Rachel Giroux, Beth Karwaski, Kenneth M. Klemow, Therese Wignot, Donald Mencer, and Brian Whitman. 2006. ROLE OF PLANT ARCHITECTURE AND CUTICULAR FEATURES IN REMOVING IRON FROM WETLANDS CONSTRUCTED TO TREAT ABANDONED MINE DRAINAGE. Contributed poster: Pennsylvania Academy of Science meeting. Abstract: Journal of the Pennsylvania Academy of Science 79:109.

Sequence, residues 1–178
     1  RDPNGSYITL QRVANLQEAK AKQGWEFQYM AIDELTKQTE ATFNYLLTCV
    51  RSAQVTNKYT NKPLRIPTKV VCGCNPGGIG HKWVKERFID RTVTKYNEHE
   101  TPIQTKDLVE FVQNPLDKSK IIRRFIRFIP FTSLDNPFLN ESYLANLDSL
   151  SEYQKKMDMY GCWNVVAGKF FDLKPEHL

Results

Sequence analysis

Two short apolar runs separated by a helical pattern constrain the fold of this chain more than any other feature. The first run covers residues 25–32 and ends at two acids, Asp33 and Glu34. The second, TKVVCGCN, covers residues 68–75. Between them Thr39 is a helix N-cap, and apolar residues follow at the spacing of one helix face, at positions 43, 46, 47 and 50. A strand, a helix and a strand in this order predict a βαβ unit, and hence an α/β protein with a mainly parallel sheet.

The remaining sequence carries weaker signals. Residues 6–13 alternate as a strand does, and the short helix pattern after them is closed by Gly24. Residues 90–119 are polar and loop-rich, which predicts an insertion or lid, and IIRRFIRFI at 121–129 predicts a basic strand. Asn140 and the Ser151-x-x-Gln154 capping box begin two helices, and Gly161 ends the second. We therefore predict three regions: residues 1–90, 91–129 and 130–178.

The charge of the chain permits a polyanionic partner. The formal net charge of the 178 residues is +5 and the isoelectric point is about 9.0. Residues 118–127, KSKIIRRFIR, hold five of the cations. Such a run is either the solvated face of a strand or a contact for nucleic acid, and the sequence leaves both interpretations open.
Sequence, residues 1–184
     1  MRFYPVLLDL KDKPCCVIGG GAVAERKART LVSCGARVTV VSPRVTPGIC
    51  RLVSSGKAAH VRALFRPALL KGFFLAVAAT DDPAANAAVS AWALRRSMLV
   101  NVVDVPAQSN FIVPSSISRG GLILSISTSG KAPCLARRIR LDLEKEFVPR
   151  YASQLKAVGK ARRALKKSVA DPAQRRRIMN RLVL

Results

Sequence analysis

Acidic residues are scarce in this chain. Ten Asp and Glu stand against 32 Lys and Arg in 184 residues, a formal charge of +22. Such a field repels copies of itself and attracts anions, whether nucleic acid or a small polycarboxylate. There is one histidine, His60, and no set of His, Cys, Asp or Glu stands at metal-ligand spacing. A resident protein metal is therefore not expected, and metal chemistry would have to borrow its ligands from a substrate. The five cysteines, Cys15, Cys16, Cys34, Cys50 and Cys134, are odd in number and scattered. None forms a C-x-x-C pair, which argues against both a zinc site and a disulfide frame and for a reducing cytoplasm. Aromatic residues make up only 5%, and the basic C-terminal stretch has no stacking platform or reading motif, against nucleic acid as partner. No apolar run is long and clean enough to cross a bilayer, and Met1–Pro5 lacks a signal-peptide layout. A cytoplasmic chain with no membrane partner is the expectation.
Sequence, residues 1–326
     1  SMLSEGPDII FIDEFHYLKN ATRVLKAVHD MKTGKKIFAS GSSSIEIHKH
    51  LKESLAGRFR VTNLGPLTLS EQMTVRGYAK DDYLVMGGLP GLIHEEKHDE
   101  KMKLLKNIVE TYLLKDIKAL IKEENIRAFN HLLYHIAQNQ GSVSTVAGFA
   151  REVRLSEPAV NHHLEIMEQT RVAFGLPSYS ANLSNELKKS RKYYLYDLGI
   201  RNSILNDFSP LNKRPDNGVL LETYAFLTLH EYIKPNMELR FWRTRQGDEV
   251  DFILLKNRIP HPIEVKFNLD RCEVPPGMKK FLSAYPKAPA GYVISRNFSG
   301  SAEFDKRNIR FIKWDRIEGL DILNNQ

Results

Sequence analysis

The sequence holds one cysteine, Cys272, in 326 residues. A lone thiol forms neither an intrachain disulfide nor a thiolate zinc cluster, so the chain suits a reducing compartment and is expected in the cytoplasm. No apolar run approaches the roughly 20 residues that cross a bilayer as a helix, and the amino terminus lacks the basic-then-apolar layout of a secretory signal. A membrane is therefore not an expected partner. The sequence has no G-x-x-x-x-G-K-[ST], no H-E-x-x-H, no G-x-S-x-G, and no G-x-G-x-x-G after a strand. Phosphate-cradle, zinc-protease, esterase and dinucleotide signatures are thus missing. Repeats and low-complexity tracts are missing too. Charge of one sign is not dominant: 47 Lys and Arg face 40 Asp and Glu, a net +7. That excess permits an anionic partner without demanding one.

Plants living in constructed wetlands used to treat abandoned mine drainage (AMD) often contribute to water-quality improvement because they filter heavy metals like iron from the contaminated discharge. Yet little is known about the relative ability of different plant species to trap heavy metals. We sought (1) to assess differences in iron-trapping ability among plants growing in an AMD treatment wetland in Luzerne County, PA., and (2) to determine whether species having higher-trapping ability have a more intricately branching architecture or surface/cuticular features that facilitate iron retention. Based upon examination of the aboveground parts (stems and leaves), we found that one species (water-starwort) retained far more iron than the other four species (cattail, soft rush, great bulrush. and bur-reed). Water starwort had a much more complex branching pattern than did the other four species, thus supporting the hypothesis that iron retention is significantly influenced by plant architecture. Cuticular analysis by organic extraction followed by gas chromatography - mass spectrometry (GC-MS) proved inconclusive, though work continues toward determining the role of surface/cuticular features on iron retention.